Comcast to Resell Clearwire's WiMax Service

Clearwire financial backer Comcast will repackage Clearwire's WiMax service in Portland, Ore. With $1 billion invested in Clearwire, Comcast hopes to use the WiMax carrier's first-to-market 4G wireless broadband to grab a share of the mobile data market.

WiMax carrier Clearwire's financially shaky plans to build a nationwide wireless 4G broadband network will receive a boost this summer, with cable giant Comcast planning to buy Clearwire's Portland, Ore., service at wholesale prices and repackage it into a Comcast-branded product. Comcast has already invested $1 billion in Clearwire.

The wholesale deal was established when Comcast invested in Clearwire as part of last year's $14.5 billion merger between Clearwire and Sprint Nextel's Xohm WiMax division. In addition to Comcast's investment, the merger deal also included a combined $2.2 billion investment by Intel, Time Warner Cable, Google and Bright House Networks.
"We are very interested in being able to offer a wireless component to our products," Comcast Chief Operating Officer Stephen Burke told the Portland Oregonian March 14.
Clearwire is racing to establish the first nationwide 4G network, betting the farm on WiMax technology. Verizon Wireless and AT&T, the nation's two largest wireless carriers, are counting on LTE for their 4G technology. With WiMax networks already established in Baltimore and Portland, Clearwire said March 5 it plans to roll out 4G WiMax networks in eight metropolitan areas in 2009 and add at least another four markets in 2010.
As for the wholesale deal with Comcast, Clearwire Chief Operating Officer Perry Satterlee told the Oregonian, "Whether it comes through a retail channel or comes through a wholesaler, in the end, Clearwire wins. It's customers on our network."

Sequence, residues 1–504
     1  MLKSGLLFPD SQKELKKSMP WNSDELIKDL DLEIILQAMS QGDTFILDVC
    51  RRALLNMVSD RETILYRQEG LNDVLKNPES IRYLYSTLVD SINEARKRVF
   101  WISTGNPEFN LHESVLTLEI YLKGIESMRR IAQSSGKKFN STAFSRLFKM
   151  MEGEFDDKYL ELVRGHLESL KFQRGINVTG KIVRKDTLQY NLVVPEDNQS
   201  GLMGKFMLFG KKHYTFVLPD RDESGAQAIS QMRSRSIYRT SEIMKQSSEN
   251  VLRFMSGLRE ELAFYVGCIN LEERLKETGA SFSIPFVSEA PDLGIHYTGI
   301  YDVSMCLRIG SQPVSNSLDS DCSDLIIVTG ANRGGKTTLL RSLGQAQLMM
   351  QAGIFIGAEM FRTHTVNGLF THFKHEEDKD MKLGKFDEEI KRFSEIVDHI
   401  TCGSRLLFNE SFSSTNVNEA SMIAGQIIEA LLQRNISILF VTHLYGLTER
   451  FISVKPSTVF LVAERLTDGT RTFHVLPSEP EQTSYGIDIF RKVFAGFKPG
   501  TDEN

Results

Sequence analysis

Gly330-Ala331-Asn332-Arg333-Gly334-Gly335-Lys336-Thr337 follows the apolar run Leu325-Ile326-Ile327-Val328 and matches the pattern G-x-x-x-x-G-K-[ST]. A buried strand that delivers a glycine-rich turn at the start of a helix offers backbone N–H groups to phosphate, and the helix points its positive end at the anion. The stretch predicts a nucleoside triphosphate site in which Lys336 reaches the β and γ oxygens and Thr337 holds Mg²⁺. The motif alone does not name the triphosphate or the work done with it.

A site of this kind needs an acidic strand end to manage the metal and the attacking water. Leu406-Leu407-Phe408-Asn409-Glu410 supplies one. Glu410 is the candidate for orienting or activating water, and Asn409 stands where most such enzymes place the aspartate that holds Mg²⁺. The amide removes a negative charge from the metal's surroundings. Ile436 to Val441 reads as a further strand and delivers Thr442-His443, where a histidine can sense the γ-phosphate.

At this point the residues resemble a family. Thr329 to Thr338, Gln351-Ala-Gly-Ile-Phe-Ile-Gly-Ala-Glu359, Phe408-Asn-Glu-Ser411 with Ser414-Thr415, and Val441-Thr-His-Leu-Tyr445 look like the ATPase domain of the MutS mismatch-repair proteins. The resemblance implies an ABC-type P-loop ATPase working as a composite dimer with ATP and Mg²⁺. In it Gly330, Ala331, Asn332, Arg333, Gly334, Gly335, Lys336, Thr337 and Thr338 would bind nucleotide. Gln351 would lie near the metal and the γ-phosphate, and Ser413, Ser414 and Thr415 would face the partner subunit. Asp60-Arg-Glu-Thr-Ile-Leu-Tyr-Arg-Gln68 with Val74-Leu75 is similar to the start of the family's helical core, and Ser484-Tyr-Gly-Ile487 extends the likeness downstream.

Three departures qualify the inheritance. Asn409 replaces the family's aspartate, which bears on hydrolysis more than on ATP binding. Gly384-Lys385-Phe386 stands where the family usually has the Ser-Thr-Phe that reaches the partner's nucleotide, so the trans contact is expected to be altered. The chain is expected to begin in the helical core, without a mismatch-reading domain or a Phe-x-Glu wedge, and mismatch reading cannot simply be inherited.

Clearwire hopes to cover up to 120 million people in approximately 80 markets by 2010. WiMax rollouts for 2009 include Atlanta; Las Vegas; Chicago; Charlotte, N.C.; Dallas/Fort Worth; Honolulu; Philadelphia; and Seattle. Cities on the 2010 buildout board include New York, Washington, D.C., Boston and San Francisco.
Verizon Wireless said Feb. 18 it will be testing LTE in U.S. cities in 2009, followed by an aggressive rollout in 2010. Nokia, the world's largest cell phone maker, has already committed to a major LTE push and March 5 referred to WiMax as a niche play.
WiMax's 4G technology allows for the delivery of last-mile wireless broadband access. WiMax promises faster download speeds than current cellular networks and has the potential to be a competitor to fixed-line broadband such as DSL. For cable companies such as Comcast and Time Warner, the investment opens the door to offer bundles of service including wireless broadband to compete with AT&T and Verizon.
Clearwire says the new WiMax network will be open to all legal devices and services, including Google's Android platform. Intel will supply networking gear and software for the new network.